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First camera – LEGO photography specific advice?

Posts: 1
Topic starter
Joined: 10 months ago

Hello everyone!

I'm completely new to photography and videography, in fact I've never even held a mirrorless or DSLR in my hands. But I've been thinking about getting a camera and a set of lenses for quite a while now. Part of what I want to do is take photos and videos of my LEGO builds. I'm mostly thinking of taking more standard overview pictures of my builds (about the size of a modular building), but I would like to also take some pictures from the minifig perspective. I hope that I've come to the right place and hope it is ok to ask advice on what I should look out for when deciding for a camera and lenses.

I'm actually quite clueless still – I suspect that the camera model might not make a huge difference, but what type of lenses should I be looking at for LEGO photography? I'm currently considering Sony (a6400) and Fujifilm (x-t3 or x-t30) cameras, so any specific recommendation would also be much appreciated!

Thank you very much!

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2 Replies
Posts: 395
Core Team
Joined: 2 years ago


I recently went through this too and based on what I could afford I went with a Fujifilm XT100. 

I really like it but it's the only camera I've used and I am still a novice so I'm probably not the best person to help you here. I'll tag some of our mods to see if they can offer any advice.





Four Bricks Tall
Posts: 577
Joined: 3 years ago

You can't really go wrong with Sony or Fuji at this point. And you're correct in assuming the lens is more important.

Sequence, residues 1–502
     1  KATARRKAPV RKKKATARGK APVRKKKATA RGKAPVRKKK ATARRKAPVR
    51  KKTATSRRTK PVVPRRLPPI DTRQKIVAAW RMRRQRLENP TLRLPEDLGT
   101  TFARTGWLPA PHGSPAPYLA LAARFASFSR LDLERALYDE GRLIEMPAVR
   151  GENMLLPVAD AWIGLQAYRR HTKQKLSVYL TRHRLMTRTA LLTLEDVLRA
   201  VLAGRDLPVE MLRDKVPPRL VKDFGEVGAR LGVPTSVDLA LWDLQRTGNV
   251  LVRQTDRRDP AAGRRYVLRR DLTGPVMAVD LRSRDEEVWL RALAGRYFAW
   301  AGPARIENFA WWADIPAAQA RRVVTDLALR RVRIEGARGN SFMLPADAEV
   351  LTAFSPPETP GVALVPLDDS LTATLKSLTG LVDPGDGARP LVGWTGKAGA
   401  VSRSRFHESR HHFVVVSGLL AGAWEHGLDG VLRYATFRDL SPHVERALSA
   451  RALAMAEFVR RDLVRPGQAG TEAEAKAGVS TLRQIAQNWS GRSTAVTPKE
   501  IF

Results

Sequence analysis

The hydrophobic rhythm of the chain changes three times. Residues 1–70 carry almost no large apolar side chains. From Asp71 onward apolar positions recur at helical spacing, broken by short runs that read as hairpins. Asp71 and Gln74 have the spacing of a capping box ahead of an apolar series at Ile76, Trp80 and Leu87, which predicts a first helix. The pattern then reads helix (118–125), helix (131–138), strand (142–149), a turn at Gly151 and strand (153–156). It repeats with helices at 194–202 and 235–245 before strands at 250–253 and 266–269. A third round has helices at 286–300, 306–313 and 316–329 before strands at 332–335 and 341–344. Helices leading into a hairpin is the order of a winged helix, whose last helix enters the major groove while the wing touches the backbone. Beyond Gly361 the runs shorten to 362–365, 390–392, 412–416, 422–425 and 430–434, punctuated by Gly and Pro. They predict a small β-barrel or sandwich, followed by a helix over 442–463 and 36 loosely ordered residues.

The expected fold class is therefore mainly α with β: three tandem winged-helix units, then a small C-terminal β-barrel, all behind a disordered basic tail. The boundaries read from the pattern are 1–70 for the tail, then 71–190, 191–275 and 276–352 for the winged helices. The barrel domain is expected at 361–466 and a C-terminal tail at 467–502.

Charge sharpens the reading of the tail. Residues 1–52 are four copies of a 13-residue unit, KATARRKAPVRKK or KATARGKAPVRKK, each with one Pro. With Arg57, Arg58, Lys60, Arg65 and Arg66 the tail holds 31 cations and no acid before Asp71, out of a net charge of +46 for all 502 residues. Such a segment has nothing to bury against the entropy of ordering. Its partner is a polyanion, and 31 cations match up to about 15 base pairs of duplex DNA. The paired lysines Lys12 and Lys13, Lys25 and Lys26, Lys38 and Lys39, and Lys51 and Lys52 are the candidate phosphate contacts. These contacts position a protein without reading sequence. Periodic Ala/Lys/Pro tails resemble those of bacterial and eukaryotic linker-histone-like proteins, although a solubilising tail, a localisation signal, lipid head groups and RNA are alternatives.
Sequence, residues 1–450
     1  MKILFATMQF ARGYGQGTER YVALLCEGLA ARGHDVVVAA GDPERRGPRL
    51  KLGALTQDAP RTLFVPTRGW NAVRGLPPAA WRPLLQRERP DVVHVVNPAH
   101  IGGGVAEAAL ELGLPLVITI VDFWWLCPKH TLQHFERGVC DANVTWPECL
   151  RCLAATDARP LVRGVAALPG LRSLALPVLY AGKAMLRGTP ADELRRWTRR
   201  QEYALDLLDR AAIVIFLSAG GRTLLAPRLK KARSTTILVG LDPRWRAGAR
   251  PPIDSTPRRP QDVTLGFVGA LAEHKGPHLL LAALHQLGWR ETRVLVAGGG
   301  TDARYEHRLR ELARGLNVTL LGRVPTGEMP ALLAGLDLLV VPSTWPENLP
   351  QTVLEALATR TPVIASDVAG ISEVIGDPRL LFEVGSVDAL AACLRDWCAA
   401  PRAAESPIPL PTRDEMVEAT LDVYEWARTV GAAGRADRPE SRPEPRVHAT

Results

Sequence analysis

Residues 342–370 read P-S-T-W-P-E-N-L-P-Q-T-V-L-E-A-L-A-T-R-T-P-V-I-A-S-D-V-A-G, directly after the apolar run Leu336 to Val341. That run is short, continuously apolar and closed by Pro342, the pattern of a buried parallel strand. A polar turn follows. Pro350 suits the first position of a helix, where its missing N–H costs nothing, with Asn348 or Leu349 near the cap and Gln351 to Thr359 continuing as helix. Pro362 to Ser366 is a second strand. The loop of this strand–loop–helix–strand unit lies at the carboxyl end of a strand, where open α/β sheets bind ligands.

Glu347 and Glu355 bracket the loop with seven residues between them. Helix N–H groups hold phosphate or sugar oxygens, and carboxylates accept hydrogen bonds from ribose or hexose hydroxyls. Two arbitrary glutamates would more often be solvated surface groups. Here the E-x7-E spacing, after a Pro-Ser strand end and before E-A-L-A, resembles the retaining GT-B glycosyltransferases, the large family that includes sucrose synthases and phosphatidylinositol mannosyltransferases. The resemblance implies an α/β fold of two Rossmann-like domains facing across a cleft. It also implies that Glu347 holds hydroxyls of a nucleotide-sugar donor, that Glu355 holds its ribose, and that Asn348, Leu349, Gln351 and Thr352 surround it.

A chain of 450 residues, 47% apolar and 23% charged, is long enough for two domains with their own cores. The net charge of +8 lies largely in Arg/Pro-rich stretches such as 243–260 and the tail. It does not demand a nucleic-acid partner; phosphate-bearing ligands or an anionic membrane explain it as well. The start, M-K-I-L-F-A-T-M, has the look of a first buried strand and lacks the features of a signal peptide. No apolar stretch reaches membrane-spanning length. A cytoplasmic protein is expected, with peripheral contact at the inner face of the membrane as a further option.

If it's a set of lenses you're after, I would say that a 16-70 would do you well for LEGO photography (builds and minifig). A macro lens or at least a lens with a minimum focusing distance of under 22cm will allow you to get close to a minifig for the minifig perspective.

Note that you don't need a true macro lens (1:1 magnification) as rarely will you want a head-and-shoulders shot of a minifig. A 1:2 is perfect and much cheaper.

There are budget workarounds to a macro lens (extension tubes, close-up filters, reversing rings) but a macro lens is designed for sharpness at a close focusing distance whereas other lenses are not. Any add-ons to make a regular lens have macro capabilities will amplify any flaws (softness, chromatic aberration, etc) that the lens already has.

If you'd like a specific recommendation, I would suggest the Sigma 70mm 2.8 macro or better yet, just buy a vintage macro lens for under $100. You don't need the AF on macro lenses unless you are doubling it as a portrait lens or need to shoot blind (under sun, low to the ground for example). My vintage macro lenses of choice are the Takumar 50mm f/4 and the Minolta 100mm f/2.8.